My name’s Margaret and I’m an aquaholic. It’s been 14 weeks since my last swim and it’s driving me crazy!
Going for a swim is the moment in my day I always look forward to. When I first break the surface in my local pool and let the water wash over me, I begin a ritual that’s become a vital part of my life. Swimming is what revives me after a trying day…or prepares me for the challenges ahead if I can get in a pool first thing. The gentle splash and lapping sounds as I glide weightless is what helps me reset and focus.
It’s said that water returns us to our natural state and some have even described the act of swimming as moving meditation.
All my adult life I’ve been a regular swimmer and I throw a swimming cossie in my bag whenever I travel for work or pleasure. I even have a favourite municipal pool. (Ironmonger Row Baths in Islington, if you’re interested, closely followed by Manchester’s wonderful Withington Baths, now run by a community interest company.)
So, perhaps you can imagine how frustrating it’s been during lockdown. This has been the longest I’ve gone without a swim in decades and while I count down the days until I can dive into my local indoor pool when they officially re-open on July 25, I’ve been reflecting on the wider ramifications at what months of pool closures means for the UK.
Much has been said about the economic cost of lockdown and how our economy shrank 20 per cent in April. But what about the cost to our health? I calculate I would normally have swum 1,800 lengths during lockdown. As our indoor pools remain closed, literally millions of lengths of activity have been lost. Think of all those powerful limbs that should have been cutting through the water and yet were probably changing the remote or raiding the fridge.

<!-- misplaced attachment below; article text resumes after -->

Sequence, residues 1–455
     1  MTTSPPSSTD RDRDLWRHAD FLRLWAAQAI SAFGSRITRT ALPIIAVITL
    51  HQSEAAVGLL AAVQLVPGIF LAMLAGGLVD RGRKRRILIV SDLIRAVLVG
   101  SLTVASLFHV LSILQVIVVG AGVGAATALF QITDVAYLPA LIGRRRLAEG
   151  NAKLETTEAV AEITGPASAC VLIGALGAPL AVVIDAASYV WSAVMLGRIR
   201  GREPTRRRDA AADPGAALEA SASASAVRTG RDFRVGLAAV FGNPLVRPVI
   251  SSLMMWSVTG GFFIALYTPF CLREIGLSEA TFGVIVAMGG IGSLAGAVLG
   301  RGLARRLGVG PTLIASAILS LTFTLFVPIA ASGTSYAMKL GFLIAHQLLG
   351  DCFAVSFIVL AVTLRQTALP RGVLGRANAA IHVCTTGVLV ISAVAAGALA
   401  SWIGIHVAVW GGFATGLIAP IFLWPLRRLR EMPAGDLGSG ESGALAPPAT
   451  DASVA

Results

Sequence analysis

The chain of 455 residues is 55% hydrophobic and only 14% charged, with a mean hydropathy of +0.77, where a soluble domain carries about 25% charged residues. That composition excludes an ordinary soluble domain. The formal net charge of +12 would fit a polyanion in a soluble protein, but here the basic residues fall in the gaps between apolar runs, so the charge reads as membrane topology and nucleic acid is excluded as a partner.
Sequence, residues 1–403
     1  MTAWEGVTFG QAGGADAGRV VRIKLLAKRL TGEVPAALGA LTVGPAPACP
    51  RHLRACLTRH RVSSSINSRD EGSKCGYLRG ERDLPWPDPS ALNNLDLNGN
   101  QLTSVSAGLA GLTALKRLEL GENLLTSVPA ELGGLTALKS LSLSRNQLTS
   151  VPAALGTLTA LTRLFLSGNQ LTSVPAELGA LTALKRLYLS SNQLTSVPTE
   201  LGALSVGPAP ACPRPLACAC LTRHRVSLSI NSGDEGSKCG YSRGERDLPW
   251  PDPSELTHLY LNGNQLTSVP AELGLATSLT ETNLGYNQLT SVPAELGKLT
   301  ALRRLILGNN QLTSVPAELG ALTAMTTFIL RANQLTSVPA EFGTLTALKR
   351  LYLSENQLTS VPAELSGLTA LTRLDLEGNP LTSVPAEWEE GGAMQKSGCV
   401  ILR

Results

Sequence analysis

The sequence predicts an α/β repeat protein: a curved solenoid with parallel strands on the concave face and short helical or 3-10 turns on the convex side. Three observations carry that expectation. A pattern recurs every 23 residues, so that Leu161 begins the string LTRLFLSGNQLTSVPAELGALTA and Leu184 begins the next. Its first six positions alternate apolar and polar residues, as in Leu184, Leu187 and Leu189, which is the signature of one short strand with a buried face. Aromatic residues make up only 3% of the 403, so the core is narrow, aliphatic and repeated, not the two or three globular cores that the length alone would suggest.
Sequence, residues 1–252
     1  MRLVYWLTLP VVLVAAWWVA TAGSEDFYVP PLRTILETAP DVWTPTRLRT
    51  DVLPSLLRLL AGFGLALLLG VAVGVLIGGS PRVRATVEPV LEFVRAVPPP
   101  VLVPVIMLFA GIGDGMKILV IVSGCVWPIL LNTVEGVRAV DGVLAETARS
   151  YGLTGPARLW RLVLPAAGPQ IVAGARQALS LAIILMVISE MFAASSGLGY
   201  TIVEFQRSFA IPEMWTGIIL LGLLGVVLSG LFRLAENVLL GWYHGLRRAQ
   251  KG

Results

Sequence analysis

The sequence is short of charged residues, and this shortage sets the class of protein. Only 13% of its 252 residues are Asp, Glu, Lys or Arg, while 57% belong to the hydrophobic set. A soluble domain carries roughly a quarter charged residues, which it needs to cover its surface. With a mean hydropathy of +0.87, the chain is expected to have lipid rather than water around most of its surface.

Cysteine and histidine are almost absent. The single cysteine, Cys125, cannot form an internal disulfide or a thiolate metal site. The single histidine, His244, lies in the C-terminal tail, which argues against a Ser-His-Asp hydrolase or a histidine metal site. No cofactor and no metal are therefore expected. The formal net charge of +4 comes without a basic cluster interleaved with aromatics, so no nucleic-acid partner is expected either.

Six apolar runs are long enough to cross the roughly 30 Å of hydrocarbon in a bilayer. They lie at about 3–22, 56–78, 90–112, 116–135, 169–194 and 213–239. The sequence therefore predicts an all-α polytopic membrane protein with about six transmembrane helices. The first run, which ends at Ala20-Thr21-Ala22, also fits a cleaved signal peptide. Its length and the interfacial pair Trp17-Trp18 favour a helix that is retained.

Worse still, there’s no guarantee that all those swimming limbs will return. Last week the chief executive of ukactive warned MPs that half of leisure centres could close because of the pandemic. Swim England has also warned that one in ten of the nation’s pools risks permanent closure.
Swimming is frequently described as the best form of exercise there is because it’s a low impact activity that builds strength and cardio abilities simultaneously. It’s also incredibly popular with around 4.7 million adults said to swim at least twice a month.
And yet our sporting infrastructure is still pretty poor in comparison with many developed countries. France has over six times more pools, for example, and our facilities are in need of investment. Figures published earlier this year by Sport England showed that nearly a quarter of swimming pools have not been refurbished in more than 20-years.
It’s not surprising then that we’ve seen a decline in swimming in recent years, which is a far cry from our 19th century heyday when we were viewed as the best swimmers in the world. When Captain Matthew Webb became the first to complete a cross channel swim in 1875, there was a huge boom in municipal swimming pools across the UK.
Today, as spending on council run sports facilities has fallen by two thirds in the last decade, we face the very real prospect of there being a lost generation of children who cannot swim. Good exercise habits could be lost forever unless drastic action is taken.
So far, the Government’s economic stimulus has largely been focused on keeping jobs – and this is to be welcomed. But what about a sports stimulus to support our leisure sector and incentivise people to do more physical activity?
Health inequalities are widening and child obesity is being made worse by lockdown. We’ve taken unprecedented action to protect our NHS in recent months – and if we’re to prevent an obesity crisis putting unmanageable pressure on health services, similar action is needed.
Only this time, instead of keeping people at home, we should be doing all we can to start getting people to go to their gym or leisure centre and start swimming.
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